Books

Improv

Using Improv to Work With Those We Disagree With In his class, Doug Irvin-Erickson gave his grad students an assignment half way through the short summer semester. He broke them into teams and asked them to make presentations to the class on how peacebuilding and human rights overlapped—or didn’t as the course may be. Because I had had to miss the previous class, the students had decided that I would serve as a discussant and respond to each project. During the course of the semester, we had mostly focused on how the two fields differ. Human rights advocates focus on rights that they assume to be universal and innate—and all too often denied by the powers that be. [...]

Improv 2018-06-11T10:59:55+00:00

Excellence

Excellence and Peacebuilding I had planned to write a series of blog posts about teaching/learning about peacebuilding now that I’m writing the core of an introductory textbook on the subject. Before I heard Tom Peters being interviewed on the NPR program, 1A, I had not expected the first of those posts that I would deal with excellence in the first one I would be writing. Peters is, after all, one of the preeminent business management gurus of the last thirty years rather than a peacebuilder. However, as he talked about the themes in his new book, The Excellence Dividend and its associated website, Excellence Now.  I realized that a number of his points directly carried over into what [...]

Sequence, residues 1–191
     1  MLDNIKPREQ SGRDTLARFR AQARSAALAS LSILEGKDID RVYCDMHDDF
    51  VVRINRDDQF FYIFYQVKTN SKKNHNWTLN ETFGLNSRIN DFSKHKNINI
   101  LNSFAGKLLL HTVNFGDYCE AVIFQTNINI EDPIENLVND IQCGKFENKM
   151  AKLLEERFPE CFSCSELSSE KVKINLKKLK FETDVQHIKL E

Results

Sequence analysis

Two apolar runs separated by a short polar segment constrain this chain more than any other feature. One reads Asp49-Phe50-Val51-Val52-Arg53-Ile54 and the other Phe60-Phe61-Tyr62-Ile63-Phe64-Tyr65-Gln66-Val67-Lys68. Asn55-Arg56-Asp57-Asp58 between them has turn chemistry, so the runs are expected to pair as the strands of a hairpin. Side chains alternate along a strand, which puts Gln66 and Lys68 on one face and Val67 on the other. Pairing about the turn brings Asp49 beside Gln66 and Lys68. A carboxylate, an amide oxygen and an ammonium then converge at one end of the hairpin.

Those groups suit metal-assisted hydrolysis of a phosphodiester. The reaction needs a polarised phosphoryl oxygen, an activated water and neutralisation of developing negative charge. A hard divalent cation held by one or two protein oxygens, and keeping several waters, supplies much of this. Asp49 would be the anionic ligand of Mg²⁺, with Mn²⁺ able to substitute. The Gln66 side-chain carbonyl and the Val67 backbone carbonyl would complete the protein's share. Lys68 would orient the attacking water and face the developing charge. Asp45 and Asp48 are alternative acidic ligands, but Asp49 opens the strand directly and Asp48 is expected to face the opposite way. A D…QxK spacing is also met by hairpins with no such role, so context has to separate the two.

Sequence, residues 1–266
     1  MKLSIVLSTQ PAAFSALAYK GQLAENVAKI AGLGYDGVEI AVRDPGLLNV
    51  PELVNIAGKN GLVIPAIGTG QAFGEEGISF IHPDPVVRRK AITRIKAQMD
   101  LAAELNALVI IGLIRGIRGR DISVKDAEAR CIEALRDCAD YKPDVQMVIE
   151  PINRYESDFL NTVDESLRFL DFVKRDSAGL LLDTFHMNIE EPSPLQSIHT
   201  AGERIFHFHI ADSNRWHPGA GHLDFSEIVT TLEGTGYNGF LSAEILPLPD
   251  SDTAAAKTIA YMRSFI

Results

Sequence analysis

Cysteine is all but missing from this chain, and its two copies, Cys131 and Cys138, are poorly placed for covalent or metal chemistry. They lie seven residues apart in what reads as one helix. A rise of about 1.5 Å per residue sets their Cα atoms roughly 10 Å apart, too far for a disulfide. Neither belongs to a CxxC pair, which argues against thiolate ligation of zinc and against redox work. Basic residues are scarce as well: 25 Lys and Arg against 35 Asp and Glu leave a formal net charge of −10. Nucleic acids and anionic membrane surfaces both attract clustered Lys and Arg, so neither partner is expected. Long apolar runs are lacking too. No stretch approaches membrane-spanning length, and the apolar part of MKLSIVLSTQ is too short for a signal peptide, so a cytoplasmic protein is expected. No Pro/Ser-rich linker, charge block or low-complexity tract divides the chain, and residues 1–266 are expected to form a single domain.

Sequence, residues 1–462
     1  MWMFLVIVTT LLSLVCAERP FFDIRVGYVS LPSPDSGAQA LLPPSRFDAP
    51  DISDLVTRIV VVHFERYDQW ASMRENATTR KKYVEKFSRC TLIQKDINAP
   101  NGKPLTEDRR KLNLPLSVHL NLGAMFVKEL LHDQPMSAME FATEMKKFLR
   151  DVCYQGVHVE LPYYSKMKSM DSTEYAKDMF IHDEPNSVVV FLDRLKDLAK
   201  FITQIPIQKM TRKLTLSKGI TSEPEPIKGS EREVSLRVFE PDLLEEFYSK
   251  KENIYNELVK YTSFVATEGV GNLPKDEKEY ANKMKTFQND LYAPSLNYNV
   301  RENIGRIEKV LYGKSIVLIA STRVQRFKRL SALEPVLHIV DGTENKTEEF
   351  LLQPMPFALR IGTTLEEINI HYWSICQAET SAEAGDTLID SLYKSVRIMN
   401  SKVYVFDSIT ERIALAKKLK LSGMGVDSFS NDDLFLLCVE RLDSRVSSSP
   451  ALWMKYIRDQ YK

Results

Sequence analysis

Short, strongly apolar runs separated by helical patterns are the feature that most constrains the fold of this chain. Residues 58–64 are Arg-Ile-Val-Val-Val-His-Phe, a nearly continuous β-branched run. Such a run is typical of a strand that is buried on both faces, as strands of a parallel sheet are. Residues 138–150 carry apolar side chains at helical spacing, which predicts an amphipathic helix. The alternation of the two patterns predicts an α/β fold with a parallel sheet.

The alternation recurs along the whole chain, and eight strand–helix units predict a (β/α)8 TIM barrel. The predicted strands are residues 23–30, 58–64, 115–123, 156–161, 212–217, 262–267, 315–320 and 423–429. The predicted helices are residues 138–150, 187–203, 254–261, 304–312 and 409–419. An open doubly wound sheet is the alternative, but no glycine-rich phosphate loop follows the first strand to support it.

Excellence 2018-04-09T14:58:09+00:00

Rethinking Power

Rethinking Power It’s about time for us to rethink what power means. I’ve felt that way for some time especially when I’ve had to think about the ways in which my work as a peacebuilder and as a political scientist do not mesh. It took reading Dacher Keltner’s The Power Paradox to have the pieces begin to fall into place. Keltner is a social psychologist who understands the traditional definition of power we political scientists have used at least since the time of Machiavelli. As Robert Dahl put it in the 1950s: A has power over B to the extent that he can get B to do something that B would not otherwise do. In other words, [...]

Rethinking Power 2018-02-05T13:12:24+00:00

Peacebuilding and Democracy

Peacebuilding and Democracy Until last Thursday afternoon, I was planning to write about what comparative politics research can do to help peacebuilders. Then, I ran into my friend Jim Pfiffner of George Mason University's Schar School of Policy and Government. Jim is a scholar of the presidency who has written books on judging the character of our chief executive--among many other things. Jim is also one of the most thoughtful people I know. And since we hadn't seen each other in ages and since we are both political scientists, our discussion immediately turned to the Trump presidency--even before we mentioned our grandkids. I had just finished reviewing Steven Levitsky and Danie Ziblatt's How Democracies Die. As we discussed [...]

Peacebuilding and Democracy 2018-01-21T16:44:35+00:00